What would be considered as the most important reform of the Progressive movement and why?
I have to choose from: 16th, 17th, 18th and 19th amendments and direct primaries, initiatives, referendums or recall.
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This is, of course, a matter of opinion. My own view is that, of the reforms listed here, the 19th Amendment is the most important. This is because it did the most to right a wrong and has arguably had the greatest impact on American society.
Most of the reforms that you mention here had the effect of changing relatively minor things about government. The recall, for example, is rarely used. The initiative is very important, but only in a few states. It does not greatly change the nature of democracy for the country as a whole. The direct election of senators is quite important, but does not reach the revolutionary importance of giving women the vote.
Giving women the vote was important for at least two reasons. First, it made America a more just society. It was simply wrong for us to deny women the vote and rectifying that mistake was one of the most important things that could have happened in American history. Second, it has helped to change American society. When women got the vote, they moved along the path to greater equality and a more important role in society. Enfranchising women helped to change our society and to bring about the more nearly equal society that we now have. For this reason, I see the 19th Amendment as the most important of these reforms.
It's tough to identify just one amendment or change that I would consider the most important of the Progressive movement, but if I had to pick one, I would say bringing about direct primaries. I think allowing the people, rather than the party, select the candidate best symbolizes what the era was about.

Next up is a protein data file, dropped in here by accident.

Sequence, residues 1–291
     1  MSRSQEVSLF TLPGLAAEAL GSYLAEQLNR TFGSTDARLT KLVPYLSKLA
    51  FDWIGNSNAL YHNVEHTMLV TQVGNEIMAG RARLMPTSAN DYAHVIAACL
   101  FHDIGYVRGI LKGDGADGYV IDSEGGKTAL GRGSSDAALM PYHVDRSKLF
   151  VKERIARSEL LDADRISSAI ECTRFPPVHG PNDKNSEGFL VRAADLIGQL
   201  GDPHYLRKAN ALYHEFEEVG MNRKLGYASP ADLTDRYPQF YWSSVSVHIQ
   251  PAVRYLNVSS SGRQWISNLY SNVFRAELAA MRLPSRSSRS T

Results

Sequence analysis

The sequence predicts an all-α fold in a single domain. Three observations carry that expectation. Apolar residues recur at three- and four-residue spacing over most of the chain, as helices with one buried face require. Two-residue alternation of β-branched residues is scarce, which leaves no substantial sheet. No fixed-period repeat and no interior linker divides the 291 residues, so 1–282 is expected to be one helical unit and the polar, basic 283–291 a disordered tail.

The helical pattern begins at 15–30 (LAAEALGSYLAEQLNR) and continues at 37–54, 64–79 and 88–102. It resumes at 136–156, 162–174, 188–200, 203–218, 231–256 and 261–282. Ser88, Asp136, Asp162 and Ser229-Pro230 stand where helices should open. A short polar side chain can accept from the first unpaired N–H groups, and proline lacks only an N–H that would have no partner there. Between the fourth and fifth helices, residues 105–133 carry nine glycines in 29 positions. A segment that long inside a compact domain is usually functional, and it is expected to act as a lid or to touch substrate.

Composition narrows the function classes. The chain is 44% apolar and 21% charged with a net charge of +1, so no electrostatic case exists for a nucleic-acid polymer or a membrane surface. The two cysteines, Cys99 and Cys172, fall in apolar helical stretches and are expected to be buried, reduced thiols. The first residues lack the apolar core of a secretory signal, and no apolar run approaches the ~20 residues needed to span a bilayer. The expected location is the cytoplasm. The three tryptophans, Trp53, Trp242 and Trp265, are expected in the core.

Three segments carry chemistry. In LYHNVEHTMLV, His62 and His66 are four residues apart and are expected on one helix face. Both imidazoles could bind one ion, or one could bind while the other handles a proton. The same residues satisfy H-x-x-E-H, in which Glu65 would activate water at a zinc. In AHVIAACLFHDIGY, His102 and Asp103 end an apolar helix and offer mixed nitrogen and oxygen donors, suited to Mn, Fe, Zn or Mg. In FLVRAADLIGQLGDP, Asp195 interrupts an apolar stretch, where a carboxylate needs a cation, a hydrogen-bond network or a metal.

When I think of the Progressive movement, I think of a time where government was being reformed, and corruption in high places was being weeded out. With direct primaries, the control of those who had money or significant political pull was diminished, and in place the common folk had a greater say. Though the effects of direct primaries were not fully realized, especially on the federal stage, for years, direct primaries paved the way for a candidate to be representative of the people, rather than the political machine.
As an example of why direct primaries are significant, I want to point to the 1912 US Election. The Republican primary pitted incumbent William Taft against former President Theodore Roosevelt. Only thirteen states actually had primaries that allowed citizens to vote for their preferred candidate, and Roosevelt was overwhelmingly favored over Taft. However, as the current President, Taft had the backing of many political organizations, thus allowing Taft to get the Republican nomination, despite his unpopularity. This is something that wouldn't be able to happen in politics today, and if direct primaries were fully implemented in 1912, Roosevelt wins the nominee, and probably the presidency.
As a side note, the most important action of the ones you listed above may very well be the 19th amendment, permitting women to vote. However, the reason I didn't state that as what I feel is the most important event is due to the fact that I consider it more of a human rights victory, than a political one that would change government and weed corruption. Reform in government was something that was a huge rallying cry in during the movement, whereas the fight for womens' suffrage was something that had lasted before that. In addition, the 19th amendment was enacted in 1920, right at the end of the Progressive Era.
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